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AT-2 Testing Lead Reviews Defect Report The Testing Lead, with assistance of designated SOS personnel, will review the Defect Reports submitted by the testing team. The purpose of this review is to ensure the Testing Lead understands the defect being reported. If the defect is not clear or is missing information, the Testing Lead must discuss the defect with the tester. The Testing Lead will ensure the defect reported is properly classified and is indeed a defect, not a tester misunderstanding of application functionality or incorrect use of the application. The Testing lead will consolidate similar defects to minimize the recording of duplicate defects in Jira. Upon identification of Defect Reports that are not actual defects, the Testing Lead or other approved personnel will usually review the defect with the tester to ensure the tester understands why the defect was not recorded. This will assist the tester in understanding application functionality and the defect recording process. The Testing Lead will input reviewed and approved defects into the error database in Jira. The project development team for this process will train the Testing Lead identified by SOS. The Acceptance Test Coordinator (ATC) will also update the defect status as PASS or FAIL when a defect has been retested. The SOS project team will generate defect reports on a periodic basis as needed to identify new defects and determine the status of existing defects. Near the end of the testing period, these reports will be produced more frequently, oftentimes daily. As required, the SOS project team will review the new defects to ensure they understand the nature of the problem and clarify any questions related to the defects with the Testing Lead. If the SOS project team reviews defects and determines that the defect is not a problem or requires re-classification, they will meet with the Testing Lead and discuss these defect changes. If the SOS project team determines that the defect is not actually a problem, the defect will be marked as Rejected in Jira. A defect will be rejected primarily due to a user misunderstanding of functionality (i.e. there is not really a problem). The Testing Lead will then have the ability to generate reports from Jira of rejected defects for review. If the problem is determined to be a request for an enhancement, the request will be reviewed with the Project Manager for determination of an enhancement date and any appropriate follow-on activities. The Catalyst Team project team will assign fixes to developers once the defect has been reviewed and approved. These reviews will take place on an as-needed basis, and more frequently as the testing period ends, oftentimes daily. The Catalyst Team project team will update the defect in Jira to reflect the assignment and the new status (i.e. ready for repair) and print defect lists by developer for distribution to the team. Developers will attempt to re-create the defect once they have been assigned to repair it. If they are unable to re-create the defect, additional detail will be required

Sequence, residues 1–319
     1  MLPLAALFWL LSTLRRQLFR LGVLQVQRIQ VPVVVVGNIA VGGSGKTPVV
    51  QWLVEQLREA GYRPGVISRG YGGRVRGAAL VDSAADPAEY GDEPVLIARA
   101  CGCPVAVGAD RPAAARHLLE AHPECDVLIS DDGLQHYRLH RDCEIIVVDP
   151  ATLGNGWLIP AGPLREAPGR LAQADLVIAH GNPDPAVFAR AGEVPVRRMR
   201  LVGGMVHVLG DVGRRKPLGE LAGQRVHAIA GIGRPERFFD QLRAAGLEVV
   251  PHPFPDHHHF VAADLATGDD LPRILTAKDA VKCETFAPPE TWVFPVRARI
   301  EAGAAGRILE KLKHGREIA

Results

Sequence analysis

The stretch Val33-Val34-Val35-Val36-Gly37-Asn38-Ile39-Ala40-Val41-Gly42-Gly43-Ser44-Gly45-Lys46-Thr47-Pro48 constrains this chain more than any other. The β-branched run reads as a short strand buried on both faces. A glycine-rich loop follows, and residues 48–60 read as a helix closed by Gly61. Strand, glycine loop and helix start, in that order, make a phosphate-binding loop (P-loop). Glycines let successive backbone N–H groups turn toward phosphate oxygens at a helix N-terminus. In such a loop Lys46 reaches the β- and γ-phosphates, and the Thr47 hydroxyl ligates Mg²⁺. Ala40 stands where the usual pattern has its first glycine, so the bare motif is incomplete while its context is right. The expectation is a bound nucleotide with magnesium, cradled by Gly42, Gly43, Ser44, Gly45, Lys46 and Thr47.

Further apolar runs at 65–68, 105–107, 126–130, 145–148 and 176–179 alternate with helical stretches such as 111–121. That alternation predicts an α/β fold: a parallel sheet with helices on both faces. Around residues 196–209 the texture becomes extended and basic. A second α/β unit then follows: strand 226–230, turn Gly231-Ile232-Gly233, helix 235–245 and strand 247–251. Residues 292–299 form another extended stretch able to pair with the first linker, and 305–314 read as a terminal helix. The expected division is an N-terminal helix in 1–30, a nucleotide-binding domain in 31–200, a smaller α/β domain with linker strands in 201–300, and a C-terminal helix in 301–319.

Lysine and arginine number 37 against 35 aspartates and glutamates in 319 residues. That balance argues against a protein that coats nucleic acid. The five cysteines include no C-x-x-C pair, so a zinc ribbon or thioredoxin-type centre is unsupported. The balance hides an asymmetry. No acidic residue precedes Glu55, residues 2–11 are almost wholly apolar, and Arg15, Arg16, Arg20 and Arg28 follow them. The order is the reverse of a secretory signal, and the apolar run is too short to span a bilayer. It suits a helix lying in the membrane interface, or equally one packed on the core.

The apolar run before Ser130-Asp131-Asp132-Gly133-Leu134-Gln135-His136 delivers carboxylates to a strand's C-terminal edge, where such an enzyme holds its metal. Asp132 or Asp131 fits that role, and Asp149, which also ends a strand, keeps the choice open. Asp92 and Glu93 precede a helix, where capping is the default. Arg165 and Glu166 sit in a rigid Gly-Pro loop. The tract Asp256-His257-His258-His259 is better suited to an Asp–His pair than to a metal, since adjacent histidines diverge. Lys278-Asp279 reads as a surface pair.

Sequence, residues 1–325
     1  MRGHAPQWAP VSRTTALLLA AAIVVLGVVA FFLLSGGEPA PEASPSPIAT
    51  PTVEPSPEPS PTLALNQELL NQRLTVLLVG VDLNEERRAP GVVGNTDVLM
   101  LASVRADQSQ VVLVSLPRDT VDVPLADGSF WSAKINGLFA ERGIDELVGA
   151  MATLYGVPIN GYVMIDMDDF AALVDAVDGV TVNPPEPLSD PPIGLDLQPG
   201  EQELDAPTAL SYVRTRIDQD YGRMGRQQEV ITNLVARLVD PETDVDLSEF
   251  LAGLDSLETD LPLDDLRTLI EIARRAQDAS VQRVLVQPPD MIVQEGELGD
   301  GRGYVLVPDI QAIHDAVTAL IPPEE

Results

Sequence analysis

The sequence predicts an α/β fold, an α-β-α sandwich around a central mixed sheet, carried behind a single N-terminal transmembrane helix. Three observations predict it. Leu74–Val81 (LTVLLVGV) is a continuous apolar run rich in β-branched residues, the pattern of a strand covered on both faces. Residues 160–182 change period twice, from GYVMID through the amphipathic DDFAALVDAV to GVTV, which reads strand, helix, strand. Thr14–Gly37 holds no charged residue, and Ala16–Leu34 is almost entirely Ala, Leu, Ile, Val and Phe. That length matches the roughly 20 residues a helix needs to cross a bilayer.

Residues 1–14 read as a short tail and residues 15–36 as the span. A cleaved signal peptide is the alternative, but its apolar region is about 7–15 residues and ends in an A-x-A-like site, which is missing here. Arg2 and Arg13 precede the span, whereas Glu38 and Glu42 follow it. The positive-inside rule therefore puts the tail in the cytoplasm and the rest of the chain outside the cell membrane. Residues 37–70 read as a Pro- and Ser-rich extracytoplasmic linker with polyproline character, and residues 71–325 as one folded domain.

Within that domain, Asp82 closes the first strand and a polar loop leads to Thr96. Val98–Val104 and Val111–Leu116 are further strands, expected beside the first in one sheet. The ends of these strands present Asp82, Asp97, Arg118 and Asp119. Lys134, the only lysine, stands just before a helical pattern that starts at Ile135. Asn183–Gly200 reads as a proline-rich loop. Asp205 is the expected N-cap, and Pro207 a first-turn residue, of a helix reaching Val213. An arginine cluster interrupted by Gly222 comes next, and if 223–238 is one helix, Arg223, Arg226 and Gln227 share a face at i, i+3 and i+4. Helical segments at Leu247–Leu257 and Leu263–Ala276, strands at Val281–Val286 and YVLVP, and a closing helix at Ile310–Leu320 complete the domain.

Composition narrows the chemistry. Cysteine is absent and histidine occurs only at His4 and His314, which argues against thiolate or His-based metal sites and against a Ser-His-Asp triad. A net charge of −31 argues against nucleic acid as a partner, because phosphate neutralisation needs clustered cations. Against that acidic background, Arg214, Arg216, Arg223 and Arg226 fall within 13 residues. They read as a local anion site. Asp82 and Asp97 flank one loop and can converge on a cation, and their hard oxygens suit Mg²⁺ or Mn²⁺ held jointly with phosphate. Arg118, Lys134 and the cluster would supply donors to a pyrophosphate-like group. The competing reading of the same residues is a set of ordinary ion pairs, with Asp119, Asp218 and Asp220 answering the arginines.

AT-3 Reject Defect Report/Review with Tester